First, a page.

Interview: Jerry Douglas


Jerry Douglas has been called the “Jimi Hendrix of dobro players” in honor of his skills on the resonator guitar and inspiring musicianship. His playing can be heard on over 1500 albums, including the O Brother, Where Art Though? soundtrack and recordings with James Taylor, Paul Simon, Mumford & Sons, Elvis Costello, Garth Brooks, Earl Scruggs, and Ray Charles. And since 1998, he has been a key member of Alison Krauss and the Union Band, both on recordings and on tour.

This interview was for a preview article for Jerry Douglas’ solo concert at the Lobero Theatre in Santa Barbara on 8/28/15. It was done by email, with his reply received on 8/21/15.

Jeff Moehlis: You were in town not too long ago with Alison Krauss and Union Station at the Santa Barbara Bowl, and you said, “I think I like the Lobero better.” What has been your favorite experience so far at the Lobero?

Jerry Douglas: While on tour a few years ago I celebrated a birthday in the Lobero. I know that the company I was keeping, a run of dates with Maura O’Connell, Tim O’Brien and some of my favorite musicians was important, but being in a beautiful part of the world, Santa Barbara, with a friendly audience, seriously enriched the occasion.

JM: What can people look forward to at your upcoming concert?

JD: I really enjoy doing these solo shows. They allow me to explain my songs in detail and get me a little closer to the audience than the normal show with Alison or The Earls [of Leicester]. I also think the folks that come get to know a lot more about me. It’s a two way street. The evening should be more like a conversation than a formal concert.

JM: What initially drew you to the dobro?

JD: Many people I have talked to had the same experience I did when they first heard the Dobro guitar. It brought forth a sound that I was instantly enchanted with. Went straight through me like a knife. Most important was the fact that Josh Graves of Flatt and Scruggs and the Foggy Mountain Boys was playing it. I was playing guitar when I first decided I would rather be have a Dobro. I was ten or eleven years old and after raising the strings on my Sears Silvertone Christmas guitar, going into this new territory came fairly easy to me. My Silvertone exploded from the pressure and I was forced to find an actual Dobro guitar. This was a difficult thing to find in Northeastern Ohio, but after a couple false starts I found one.

JM: How do you find the right balance between tradition and innovation with your playing?

JD: When I was first beginning to learn the Dobro, I focused on the traditional playing of Josh Graves, even though he was progressive against all other players of the instrument. As I moved on into the musical landscape, I heard others like Mike Auldridge and realized that if I was going to make my own mark, I needed my own language on the instrument. I was able to play fiddle tunes because of a personal need to really know the complete melodies of these complicated songs and that carried over into exploring the substitutions and counter-melodies hidden inside.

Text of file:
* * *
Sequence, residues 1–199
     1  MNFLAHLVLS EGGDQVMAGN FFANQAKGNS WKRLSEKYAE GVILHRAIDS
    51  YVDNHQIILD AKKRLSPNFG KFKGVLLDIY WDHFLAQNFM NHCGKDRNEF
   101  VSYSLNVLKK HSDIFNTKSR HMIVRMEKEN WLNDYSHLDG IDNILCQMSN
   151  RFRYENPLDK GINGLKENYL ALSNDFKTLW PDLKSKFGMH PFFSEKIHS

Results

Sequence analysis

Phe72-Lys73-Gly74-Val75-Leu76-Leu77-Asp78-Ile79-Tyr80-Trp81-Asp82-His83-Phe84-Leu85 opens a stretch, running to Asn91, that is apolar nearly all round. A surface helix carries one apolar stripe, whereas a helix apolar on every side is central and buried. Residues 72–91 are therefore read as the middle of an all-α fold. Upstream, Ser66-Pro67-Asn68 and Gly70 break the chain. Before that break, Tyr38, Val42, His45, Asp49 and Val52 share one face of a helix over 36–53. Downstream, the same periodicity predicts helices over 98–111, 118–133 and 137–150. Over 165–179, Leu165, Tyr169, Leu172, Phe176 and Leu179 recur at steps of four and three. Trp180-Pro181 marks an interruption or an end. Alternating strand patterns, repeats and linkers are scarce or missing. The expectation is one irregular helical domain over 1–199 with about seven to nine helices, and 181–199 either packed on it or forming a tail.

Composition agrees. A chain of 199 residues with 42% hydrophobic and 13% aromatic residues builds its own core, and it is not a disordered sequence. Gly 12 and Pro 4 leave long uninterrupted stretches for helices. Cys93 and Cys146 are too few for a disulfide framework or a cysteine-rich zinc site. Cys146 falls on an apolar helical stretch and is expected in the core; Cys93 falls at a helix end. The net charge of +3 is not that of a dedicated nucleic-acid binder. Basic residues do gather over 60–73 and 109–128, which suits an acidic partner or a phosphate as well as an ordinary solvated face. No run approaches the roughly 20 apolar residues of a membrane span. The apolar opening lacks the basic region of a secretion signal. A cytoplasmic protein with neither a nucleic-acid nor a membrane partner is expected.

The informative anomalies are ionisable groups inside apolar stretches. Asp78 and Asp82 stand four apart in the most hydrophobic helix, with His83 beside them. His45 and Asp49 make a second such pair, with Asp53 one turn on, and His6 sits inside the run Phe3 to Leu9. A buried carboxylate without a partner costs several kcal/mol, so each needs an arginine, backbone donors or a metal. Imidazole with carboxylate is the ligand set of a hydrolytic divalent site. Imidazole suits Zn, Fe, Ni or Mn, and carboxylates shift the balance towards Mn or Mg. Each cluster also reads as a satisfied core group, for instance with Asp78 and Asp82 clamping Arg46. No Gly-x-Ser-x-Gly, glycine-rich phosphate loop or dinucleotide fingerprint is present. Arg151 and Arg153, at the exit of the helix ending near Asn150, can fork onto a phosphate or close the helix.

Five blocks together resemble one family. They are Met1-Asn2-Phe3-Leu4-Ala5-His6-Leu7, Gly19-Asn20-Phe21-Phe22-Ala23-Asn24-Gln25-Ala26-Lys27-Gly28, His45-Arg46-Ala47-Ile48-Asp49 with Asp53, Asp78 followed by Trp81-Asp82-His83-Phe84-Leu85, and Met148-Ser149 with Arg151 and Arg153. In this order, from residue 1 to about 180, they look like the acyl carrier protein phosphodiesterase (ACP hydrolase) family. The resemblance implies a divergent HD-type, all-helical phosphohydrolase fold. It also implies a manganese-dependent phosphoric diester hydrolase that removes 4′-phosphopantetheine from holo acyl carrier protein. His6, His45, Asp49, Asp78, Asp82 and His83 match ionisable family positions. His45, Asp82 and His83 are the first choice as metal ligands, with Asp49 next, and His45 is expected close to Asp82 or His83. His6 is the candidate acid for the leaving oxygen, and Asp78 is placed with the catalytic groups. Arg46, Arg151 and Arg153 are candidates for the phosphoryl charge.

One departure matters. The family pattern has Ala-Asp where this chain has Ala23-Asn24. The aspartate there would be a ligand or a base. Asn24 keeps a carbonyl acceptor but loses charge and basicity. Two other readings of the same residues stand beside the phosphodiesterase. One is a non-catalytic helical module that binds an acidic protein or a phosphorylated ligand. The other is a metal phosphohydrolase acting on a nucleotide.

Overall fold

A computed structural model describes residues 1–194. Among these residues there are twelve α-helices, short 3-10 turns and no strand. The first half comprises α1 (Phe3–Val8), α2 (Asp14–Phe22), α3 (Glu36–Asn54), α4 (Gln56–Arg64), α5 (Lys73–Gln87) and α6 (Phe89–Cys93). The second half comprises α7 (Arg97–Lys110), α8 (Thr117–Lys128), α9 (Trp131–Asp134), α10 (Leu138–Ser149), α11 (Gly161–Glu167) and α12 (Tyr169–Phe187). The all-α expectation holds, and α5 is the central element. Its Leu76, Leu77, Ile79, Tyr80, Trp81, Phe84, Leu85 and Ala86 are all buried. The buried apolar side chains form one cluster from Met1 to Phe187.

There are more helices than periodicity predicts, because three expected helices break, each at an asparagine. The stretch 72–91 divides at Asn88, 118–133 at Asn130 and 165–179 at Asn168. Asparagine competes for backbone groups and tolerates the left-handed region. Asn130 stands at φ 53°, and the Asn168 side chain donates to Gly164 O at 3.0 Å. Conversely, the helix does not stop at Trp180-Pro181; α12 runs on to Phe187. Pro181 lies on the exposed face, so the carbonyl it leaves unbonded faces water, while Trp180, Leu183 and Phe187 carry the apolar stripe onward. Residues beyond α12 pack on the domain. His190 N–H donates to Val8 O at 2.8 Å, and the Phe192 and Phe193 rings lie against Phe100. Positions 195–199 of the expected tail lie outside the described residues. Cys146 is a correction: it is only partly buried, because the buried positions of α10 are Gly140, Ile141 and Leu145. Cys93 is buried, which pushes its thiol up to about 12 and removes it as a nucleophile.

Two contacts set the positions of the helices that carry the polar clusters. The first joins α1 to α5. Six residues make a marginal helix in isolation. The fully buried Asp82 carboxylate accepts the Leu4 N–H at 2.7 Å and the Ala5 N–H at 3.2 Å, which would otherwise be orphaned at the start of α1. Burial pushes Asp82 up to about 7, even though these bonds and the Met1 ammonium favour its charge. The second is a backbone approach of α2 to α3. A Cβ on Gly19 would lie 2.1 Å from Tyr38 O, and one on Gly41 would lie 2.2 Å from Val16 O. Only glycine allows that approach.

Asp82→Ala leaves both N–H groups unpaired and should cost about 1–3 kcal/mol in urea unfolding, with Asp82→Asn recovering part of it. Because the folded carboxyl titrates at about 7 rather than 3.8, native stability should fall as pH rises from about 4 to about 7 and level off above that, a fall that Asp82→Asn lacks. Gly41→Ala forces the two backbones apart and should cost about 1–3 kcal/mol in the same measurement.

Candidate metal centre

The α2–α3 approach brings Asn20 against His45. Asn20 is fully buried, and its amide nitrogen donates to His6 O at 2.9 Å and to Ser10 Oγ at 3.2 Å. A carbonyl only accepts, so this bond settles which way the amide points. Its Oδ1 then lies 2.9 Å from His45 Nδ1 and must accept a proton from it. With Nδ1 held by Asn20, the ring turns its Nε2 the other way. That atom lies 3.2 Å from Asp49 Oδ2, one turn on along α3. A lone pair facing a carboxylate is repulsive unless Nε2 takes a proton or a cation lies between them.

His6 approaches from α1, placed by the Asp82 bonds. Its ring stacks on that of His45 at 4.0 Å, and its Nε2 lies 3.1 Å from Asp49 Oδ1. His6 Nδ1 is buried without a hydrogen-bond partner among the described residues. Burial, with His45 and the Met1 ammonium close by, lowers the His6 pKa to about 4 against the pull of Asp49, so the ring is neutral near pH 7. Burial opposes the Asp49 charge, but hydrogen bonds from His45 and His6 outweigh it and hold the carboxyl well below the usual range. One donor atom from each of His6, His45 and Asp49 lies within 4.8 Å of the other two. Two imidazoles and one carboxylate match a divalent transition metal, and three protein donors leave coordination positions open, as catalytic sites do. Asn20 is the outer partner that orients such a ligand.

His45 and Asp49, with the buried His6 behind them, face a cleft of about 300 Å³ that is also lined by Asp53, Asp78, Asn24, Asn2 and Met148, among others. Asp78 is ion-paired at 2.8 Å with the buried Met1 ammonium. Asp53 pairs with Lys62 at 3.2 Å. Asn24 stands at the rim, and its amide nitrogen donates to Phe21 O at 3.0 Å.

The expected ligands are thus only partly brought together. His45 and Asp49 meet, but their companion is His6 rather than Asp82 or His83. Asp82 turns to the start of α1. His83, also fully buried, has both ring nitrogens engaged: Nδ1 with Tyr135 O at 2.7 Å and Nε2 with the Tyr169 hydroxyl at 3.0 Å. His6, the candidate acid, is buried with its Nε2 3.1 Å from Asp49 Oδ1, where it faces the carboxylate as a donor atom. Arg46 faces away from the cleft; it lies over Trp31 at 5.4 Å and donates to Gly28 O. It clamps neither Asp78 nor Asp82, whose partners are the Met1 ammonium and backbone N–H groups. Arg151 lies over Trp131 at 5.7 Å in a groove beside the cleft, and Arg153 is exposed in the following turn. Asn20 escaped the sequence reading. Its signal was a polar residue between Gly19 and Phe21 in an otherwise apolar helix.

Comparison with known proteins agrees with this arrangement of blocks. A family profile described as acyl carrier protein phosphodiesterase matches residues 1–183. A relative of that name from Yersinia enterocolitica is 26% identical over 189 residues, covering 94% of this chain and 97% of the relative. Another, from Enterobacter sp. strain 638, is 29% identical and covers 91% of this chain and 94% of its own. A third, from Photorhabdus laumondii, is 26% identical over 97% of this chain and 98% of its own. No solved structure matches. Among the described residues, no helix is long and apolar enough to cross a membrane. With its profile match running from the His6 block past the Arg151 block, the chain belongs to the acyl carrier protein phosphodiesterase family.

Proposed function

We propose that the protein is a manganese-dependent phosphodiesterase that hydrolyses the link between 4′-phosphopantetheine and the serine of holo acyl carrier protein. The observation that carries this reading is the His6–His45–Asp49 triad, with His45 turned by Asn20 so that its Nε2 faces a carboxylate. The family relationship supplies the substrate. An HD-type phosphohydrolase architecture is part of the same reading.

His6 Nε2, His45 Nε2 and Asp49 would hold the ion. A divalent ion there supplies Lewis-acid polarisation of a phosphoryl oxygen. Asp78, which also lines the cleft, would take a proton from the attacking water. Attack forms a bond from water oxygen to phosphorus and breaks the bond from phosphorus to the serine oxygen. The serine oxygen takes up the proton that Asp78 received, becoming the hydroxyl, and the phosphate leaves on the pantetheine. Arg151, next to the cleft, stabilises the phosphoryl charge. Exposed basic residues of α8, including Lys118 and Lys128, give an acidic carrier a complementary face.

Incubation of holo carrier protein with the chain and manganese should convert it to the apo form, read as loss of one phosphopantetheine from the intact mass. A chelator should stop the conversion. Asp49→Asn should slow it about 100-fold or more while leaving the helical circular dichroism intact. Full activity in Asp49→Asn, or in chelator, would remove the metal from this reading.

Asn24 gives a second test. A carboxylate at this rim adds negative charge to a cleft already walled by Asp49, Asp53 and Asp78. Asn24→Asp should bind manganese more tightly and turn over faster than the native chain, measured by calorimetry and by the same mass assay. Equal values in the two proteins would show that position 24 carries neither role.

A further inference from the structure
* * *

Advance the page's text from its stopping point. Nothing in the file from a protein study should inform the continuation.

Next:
Knowing when to dive into which lake comes from surveying my surroundings and blending into the painting. This is all after spending a lot of time with different singers and musicians and knowing when to accent the words and emotions of the music I am playing.

A good example is the difference between playing a show with Alison Krauss or The Earls of Leicester, a Flatt and Scruggs respect band I have recently played in. I approach them from totally different directions. One is from a completely traditional place, and the other from a more lyrical position. With Alison I react to her voice, her phrasing, and stay away from the range she is singing in. That way we can have almost a call and response conversation and make an already interesting song more intense.

JM: You’ve recorded and performed with a number of amazing musicians. Who are the ones that particularly stand out to you, and why?

JD: James Taylor has always been a hero of mine. The phrases he has coined in the American language through his songwriting are huge and I have always had a deep respect for him. Recording with him and getting to know him have been a big deal to me. I have worked with wonderful musicians all through my career. Alison, Sam Bush, Bela Fleck, Edgar Meyer, Derek Trucks, and T Bone Burnett come to mind. I’ve had an amazing brush with some very talented people, and from that brush, have tried to be thankful for the chance.

JM: Is there anyone that you haven’t had the chance to play with yet that you’d like to?

JD: There always will be. I hear people everyday that I can imagine collaborating with. But… Peter Gabriel is someone who has always amazed me. Maybe someday. It would have been great to hang and play with Django Reinhardt.

JM: What were the sessions like for the soundtrack to O Brother, Where Art Thou? And were you surprised by its success?

JD: The sessions were a party with your best friends and we were playing songs we had been told years ago we could never make any money with. The immense success was a surprise, but I have always believed it was the beginning of another musical cycle. The sessions created a soundtrack with a movie for a vehicle instead of the other way around.

JM: What advice would you give to an aspiring musician?

JD: Leave your comfort zone as often as you can. Take every gig you’re offered and trust your instincts. With every run at a solo, a new idea will present itself.

JM: What are your plans, musical or otherwise, for the near future?

JD: My work with Alison Krauss, also the Earls of Leicester will go on. I am starting work on my next recording project of duets in the next year.


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